If I were to ask you to name the five most popular novelists in America, I suppose you might rattle off three of them before hesitation set in. John Grisham? Right. Tom Clancy? Of course. J.K. Rowling? Good. And the other two?
How many of you would venture the names Tim LaHaye and Jerry B. Jenkins? They are the authors of the Left Behind series, which, according to the leftbehind.com Web site, has sold millions upon millions and appeared on the bestseller lists of the New York Times and USA Today. I tend to believe all this self-promotion because of the gentle handling given the series last fall by NPR's "All Things Considered." For a radio program with a mindset this liberal to treat Christian apocalyptic pulp fiction as a publishing phenomenon without venturing a word of criticism, sarcasm, or even mild irony means that Left Behind is truly newsmaking stuff.
The saga, currently in its eighth installment, begins with the Rapture, the fulfillment of the prophecy, purportedly in the Book of Revelation, that right-minded Christian believers will be snatched off the earth and, still carnate, be united with God, while those without a personal relationship with Jesus will face the Apocalypse with all its attendant horrors. Since a lot of tolerably moral people don't have such a personal relationship, LaHaye and Jenkins are able to confect four sympathetic characters--an airline pilot and his daughter, a celebrity journalist, and a minister--frail enough spiritually to have been left behind but virtuous enough to fight the Antichrist in the few remaining years of the world's existence. Left Behind is Christian literature that functions as an international espionage thriller: Pilgrim's Progress in the guise of The Marathon Man.
I seek no quarrel with the idea of the Rapture or even with the authors' interpretation of it. In fact, I found LaHaye's lengthy, nonfictional exposition of this subject on the Web site to be a completely sincere and often interesting analysis. But when religious teaching comes packaged as entertainment, the packaging affects the teaching. So how does Left Behind, the most popular literary Christian entertainment in America today, come across as a thriller?
As an unresisting imbecility. It fails to provide any of the elements that a thriller must have to thrill.
A good thriller needs verisimilitude of background so that the lurid events in the foreground can compel belief. Therefore, the author must display a certain knowledge of the world, or at least the world in which the heroes move. (Think of the etiquette of gambling casinos on display in the James Bond series or the erudition about everything from campanology to advertising agencies in Dorothy Sayers's Peter Wimsey books.) Judging by their novels, LaHaye and Jenkins know nothing of anything except Scripture. For instance, their arch-villain, a Romanian politico, addresses the UN General Assembly and wows it, not with his simple-minded speech but by translating it, as he goes along, into nine languages. (So what ever happened to headphones and simultaneous translation?) Then, by way of tribute, he lists--in alphabetical order-- the name of every represented country. "He...never once hesitated, stammered, or mispronounced a syllable. Buck [our reporter-hero] was on the edge of his seat as the speaker swept through the t's and reached 'Uganda! Ukraine!'"...etc. For this feat alone, the demonic Romanian is appointed secretary general. I suppose if he had memorized a few pages from the phone book, he would have been made president of the World Bank. This is only one of dozens of absurdities scattered through the books.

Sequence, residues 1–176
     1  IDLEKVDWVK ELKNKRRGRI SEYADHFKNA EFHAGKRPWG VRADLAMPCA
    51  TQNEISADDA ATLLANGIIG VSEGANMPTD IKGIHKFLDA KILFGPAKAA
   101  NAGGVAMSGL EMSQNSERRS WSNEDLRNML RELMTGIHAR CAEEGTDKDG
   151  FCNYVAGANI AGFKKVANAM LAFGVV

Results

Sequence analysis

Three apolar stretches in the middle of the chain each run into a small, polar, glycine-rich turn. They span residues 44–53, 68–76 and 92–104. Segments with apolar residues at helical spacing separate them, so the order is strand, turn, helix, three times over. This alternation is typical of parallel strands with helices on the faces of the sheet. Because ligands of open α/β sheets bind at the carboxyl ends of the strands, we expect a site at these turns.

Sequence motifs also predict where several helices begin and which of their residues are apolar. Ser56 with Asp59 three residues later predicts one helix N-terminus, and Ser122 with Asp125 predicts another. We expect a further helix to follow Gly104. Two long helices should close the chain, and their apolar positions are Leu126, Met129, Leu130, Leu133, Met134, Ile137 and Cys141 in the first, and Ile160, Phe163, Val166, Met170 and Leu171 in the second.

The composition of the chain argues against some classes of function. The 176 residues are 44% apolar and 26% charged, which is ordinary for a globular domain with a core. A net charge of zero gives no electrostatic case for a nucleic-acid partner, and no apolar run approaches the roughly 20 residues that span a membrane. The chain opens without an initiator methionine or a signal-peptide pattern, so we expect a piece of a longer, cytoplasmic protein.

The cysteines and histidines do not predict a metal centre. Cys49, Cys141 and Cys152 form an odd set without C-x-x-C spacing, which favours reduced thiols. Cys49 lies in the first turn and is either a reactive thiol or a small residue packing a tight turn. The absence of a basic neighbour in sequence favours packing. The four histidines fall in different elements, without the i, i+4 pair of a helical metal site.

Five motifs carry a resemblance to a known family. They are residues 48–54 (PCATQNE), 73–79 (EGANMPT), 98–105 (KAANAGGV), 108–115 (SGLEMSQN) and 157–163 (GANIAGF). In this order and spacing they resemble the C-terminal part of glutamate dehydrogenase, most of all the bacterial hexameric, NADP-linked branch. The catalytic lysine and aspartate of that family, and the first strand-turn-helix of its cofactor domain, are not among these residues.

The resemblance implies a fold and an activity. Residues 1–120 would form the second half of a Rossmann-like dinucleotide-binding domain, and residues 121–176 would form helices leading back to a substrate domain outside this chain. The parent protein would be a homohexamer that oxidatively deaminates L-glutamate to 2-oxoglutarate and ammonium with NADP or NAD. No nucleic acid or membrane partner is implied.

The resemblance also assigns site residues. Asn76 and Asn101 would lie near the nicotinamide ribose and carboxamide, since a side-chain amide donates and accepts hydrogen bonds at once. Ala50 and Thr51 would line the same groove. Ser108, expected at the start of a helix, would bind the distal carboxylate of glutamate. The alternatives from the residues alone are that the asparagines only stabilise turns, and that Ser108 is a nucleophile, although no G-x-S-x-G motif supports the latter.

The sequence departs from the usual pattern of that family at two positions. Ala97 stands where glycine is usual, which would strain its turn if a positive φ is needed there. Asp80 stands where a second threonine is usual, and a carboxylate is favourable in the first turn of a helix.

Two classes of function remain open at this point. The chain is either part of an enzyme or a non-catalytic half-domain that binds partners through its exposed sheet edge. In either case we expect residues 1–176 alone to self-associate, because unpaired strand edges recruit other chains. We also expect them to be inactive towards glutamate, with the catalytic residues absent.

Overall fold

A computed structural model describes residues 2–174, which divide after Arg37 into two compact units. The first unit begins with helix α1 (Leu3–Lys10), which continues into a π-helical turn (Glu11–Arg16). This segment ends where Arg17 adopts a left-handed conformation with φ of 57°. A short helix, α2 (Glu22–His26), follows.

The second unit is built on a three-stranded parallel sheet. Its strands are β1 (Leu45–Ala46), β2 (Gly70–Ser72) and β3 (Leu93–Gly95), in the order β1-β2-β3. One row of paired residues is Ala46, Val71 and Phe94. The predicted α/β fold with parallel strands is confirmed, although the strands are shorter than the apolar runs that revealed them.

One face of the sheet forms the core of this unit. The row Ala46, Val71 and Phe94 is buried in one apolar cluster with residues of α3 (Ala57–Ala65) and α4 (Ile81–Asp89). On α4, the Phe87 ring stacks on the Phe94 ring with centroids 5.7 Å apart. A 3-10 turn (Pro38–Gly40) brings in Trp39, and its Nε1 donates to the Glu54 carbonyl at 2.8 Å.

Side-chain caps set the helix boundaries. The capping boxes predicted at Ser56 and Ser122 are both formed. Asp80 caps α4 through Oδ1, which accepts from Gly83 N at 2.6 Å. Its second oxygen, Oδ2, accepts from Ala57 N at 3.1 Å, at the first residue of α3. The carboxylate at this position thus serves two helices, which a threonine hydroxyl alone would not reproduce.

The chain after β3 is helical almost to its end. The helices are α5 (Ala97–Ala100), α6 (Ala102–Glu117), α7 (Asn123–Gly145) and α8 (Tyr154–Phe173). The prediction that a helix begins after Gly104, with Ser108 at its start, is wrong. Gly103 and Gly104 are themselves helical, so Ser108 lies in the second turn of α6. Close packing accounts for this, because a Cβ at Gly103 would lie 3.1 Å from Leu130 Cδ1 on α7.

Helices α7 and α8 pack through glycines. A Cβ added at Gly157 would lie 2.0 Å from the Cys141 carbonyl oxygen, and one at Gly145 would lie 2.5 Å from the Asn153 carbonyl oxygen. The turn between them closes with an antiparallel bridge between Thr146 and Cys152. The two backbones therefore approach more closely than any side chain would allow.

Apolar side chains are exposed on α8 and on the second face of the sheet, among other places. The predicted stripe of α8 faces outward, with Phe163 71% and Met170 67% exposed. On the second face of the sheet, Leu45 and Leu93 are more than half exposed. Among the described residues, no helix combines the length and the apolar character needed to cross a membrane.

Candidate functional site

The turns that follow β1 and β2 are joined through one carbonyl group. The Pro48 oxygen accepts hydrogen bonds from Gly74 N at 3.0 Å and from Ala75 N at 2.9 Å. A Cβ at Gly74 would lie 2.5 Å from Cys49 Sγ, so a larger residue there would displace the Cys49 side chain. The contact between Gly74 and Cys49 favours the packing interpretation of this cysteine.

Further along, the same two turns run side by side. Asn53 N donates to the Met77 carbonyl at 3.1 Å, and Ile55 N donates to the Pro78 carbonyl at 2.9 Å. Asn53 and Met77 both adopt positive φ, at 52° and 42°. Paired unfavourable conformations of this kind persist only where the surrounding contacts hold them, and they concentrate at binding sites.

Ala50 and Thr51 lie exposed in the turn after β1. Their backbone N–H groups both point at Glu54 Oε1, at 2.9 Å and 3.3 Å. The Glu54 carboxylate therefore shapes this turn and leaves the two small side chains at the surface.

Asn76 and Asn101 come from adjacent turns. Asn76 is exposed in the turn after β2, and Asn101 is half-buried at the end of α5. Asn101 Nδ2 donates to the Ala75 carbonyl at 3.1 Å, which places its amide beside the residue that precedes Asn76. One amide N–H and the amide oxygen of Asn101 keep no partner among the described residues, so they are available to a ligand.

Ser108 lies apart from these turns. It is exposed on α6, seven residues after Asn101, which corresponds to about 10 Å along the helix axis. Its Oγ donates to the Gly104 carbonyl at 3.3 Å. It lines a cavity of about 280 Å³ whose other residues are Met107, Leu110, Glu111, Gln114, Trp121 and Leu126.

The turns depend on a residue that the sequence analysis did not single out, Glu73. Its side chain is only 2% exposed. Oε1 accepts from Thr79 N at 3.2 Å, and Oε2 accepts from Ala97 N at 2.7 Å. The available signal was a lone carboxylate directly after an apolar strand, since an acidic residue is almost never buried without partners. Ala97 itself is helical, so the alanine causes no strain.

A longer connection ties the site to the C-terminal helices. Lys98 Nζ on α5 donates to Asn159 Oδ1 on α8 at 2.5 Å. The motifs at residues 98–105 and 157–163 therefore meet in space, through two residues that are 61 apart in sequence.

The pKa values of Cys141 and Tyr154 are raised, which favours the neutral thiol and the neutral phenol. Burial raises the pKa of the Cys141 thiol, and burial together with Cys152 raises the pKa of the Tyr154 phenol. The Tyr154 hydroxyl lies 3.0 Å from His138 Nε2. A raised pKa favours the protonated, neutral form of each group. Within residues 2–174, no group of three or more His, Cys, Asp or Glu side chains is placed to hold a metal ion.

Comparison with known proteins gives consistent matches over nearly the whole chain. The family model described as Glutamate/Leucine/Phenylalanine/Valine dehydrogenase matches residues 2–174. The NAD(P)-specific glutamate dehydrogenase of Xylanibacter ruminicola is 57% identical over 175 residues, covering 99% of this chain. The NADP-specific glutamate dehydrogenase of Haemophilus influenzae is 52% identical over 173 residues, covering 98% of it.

A good thriller needs at least superficially interesting, or at least distinguishable, characters to root for. But all of Left Behind's heroes, male or female, pilot or minister, scientist or news-bureau chief, sound exactly alike, never evincing a single idiosyncrasy that would make them appear truly human.
A good thriller has to be told in fluid, flexible prose. The simple declarative sentence monotony that LaHaye and Jenkins employ is mind-numbing and thrill-killing.
The plot of any thriller must constantly advance, sometimes in little increments, sometimes in sudden leaps. But the plot strategy of the saga's first two volumes (I must confess I couldn't drag myself beyond volume 2) is a teeter-tottering one: the villain does something headline-grabbing and the heroes get together and review its apocalyptic implications. Then the villain does something else and the heroes discuss. Evil deed. Discussion. Evil deed. Discussion. On and on, back and forth.
So, if this series is such a bust as writing, as storytelling, as sheer entertainment, why has it become a bestseller?
The authors have succeeded in using the theological ideas of the Rapture and the Apocalypse to press all the right paranoiac American buttons. The forces of evil, at least in the early books, proceed not by overtly supernatural means but by winning over, sometimes taking over, institutions that strike terror in the heart of all-American know-nothingness: the United Nations, the Catholic church, the Jews (a people, of course, not an institution, but nonetheless perceived as a malign, conspiratorial institution by some who will take Left Behind to heart). LaHaye and Jenkins are certainly not overt anti-Semites. How could they be? According to the way they read Revelation,